My biggest qualm against most psychedelics is not that they don’t work per say, but that they are kind of redundant and not the most effective long term, when compared to the various meditations we have.
Mindfulness-based practices have been found to reduce anxiety, depression, pain, stress and can help people bounce back faster from negative events. They can be used alongside CBT or be employed when CBT fails to make an impact. The jhanas are highly pleasurable and virtually unknown to most people. The boundless attitudes / viharas may make one feel better about themselves and improve positive affect along with willingness to express compassionate, kindness, and engage in altruistic activities. Vipassana and Dzog Chen can chip away at ego construction and the illusion of permanent selfhood, and are calming. Zazen has parallels with all day awareness activities. And like yoga, these are all easily secularizable if that is ever an issue.
Besides mindfulness and mindfulness-based practices, not much clinical research (RCTs and the like) have been done with these other forms of meditation. There aren’t too many metanalyses and systematic reviews of Vipassana, jhanas, and the viharas, particularly because rcts including them are in their infancy and many are underway.
Various meditation may be able to improved cortical thickness, make brains faster and more efficient to counter the effects of aging, among other benefits like emotional/behavioral regulation. Perhaps they can be used to make people think more like consequentialists, now that I think about it...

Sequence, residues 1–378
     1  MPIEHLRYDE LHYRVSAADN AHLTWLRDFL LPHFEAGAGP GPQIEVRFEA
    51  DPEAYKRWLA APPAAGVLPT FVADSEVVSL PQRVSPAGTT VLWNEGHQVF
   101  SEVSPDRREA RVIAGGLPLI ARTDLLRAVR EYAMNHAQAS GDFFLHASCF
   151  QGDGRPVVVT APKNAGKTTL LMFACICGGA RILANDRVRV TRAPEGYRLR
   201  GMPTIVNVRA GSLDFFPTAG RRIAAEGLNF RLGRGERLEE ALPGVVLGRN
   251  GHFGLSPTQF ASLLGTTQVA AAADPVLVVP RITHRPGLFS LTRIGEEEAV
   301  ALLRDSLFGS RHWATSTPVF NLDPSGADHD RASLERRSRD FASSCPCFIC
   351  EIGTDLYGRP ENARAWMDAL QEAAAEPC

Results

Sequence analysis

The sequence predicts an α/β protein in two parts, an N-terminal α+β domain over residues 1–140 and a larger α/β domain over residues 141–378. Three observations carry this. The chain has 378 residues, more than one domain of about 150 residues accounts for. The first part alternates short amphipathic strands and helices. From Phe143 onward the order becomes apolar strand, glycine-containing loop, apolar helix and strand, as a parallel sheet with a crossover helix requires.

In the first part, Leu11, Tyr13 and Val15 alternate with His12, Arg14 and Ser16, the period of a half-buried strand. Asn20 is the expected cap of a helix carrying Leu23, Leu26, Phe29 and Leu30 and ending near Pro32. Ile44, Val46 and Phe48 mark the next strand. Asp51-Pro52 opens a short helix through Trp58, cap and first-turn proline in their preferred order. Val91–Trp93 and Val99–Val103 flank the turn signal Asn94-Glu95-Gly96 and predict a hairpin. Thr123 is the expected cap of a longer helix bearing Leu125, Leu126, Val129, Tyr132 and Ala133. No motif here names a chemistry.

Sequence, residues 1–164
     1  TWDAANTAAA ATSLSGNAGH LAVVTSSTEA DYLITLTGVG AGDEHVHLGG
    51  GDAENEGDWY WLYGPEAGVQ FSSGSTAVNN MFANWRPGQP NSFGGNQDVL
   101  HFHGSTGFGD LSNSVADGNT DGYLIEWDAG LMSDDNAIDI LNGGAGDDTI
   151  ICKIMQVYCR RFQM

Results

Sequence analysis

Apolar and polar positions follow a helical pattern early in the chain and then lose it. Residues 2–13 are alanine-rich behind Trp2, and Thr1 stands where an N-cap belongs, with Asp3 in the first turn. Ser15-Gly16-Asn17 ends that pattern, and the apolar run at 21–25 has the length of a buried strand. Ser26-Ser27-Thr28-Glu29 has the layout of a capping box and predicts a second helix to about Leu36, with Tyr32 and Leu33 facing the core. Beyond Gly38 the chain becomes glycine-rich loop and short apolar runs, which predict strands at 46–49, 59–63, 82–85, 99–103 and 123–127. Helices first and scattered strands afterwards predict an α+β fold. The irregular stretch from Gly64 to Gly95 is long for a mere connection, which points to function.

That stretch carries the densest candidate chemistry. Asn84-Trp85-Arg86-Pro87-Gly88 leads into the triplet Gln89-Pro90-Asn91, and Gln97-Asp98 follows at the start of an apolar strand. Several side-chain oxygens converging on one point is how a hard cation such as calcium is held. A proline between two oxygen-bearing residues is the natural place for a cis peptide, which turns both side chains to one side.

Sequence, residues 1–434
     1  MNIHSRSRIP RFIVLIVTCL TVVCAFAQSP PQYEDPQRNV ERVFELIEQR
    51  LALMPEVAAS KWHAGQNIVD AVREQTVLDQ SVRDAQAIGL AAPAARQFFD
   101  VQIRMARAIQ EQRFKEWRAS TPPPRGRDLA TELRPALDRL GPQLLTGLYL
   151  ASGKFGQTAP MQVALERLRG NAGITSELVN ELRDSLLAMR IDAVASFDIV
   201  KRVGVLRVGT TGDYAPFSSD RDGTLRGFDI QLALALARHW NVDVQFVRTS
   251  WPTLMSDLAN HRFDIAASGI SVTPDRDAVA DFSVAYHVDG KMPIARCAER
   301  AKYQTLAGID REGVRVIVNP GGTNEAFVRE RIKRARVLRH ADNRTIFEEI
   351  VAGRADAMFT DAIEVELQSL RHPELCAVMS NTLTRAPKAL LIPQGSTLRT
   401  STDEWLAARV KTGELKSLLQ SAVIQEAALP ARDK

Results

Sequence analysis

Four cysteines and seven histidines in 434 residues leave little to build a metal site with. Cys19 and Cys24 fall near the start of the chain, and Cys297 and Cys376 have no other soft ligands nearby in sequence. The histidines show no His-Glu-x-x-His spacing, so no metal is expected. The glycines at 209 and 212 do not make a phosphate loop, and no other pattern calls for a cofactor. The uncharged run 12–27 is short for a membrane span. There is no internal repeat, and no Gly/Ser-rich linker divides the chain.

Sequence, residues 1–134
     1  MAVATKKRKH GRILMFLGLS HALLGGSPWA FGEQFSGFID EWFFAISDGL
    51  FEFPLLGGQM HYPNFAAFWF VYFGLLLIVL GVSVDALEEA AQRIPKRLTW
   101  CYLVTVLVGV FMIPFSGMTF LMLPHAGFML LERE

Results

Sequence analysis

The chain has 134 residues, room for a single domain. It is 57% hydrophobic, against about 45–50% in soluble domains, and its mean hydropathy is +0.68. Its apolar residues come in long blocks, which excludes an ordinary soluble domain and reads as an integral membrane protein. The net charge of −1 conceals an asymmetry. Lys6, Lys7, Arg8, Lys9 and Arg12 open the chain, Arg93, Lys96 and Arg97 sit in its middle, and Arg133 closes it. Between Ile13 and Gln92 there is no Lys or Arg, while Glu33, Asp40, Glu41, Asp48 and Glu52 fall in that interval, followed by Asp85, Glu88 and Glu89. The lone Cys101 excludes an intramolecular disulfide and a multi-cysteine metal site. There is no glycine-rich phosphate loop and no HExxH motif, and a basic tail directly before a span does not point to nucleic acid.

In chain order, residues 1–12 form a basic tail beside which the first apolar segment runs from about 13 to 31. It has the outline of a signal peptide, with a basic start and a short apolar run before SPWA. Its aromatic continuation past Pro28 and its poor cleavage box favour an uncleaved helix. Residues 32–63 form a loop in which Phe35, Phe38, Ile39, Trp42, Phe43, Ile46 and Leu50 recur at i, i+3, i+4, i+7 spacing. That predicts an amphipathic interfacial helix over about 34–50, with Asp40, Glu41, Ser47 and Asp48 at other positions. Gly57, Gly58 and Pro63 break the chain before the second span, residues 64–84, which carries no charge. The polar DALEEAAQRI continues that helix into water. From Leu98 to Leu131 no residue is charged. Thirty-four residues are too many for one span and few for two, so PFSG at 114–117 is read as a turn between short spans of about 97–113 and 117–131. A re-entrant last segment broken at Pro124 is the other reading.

Taking a page out of Buddhist ethics, psychedelics aren’t inherently bad, they are just usually unskillful, as they may easily lead to heedlessness and short term ethical carelessness (as opposed to vigilance or awareness). That is to say, while it is harder to enter meditative states, and they take some practice before one can do it at whim, they are easier to exit & the same cannot apply until the physiological and physiologic effects of a substance or very good or very bad trip wears off. This argument may not apply to microdosing, though, or future biohacking medications that reduce pain.
Meditation is not a panacea, sure, but it is among the fastest growing industries & practices (doubling in terms of Us practitioners in the past decade). It’s something EA should highly consider studying and possibly funding.
Lastly, once one knows how to engage in a meditative practice, it is free and can be done anywhere with little risk or danger to others. Anyplace and anytime. It may help reduce physician or healthcare worker burnout [a factor I’d posit as possibly responsible for costly medical errors], and has been used to treat many of the psychiatric conditions you referenced. There are a few conditions (schizophrenia) where some meditations may not be helpful and may indeed be harmful, but given the scope of contemplative practices, some may be clinically applicable.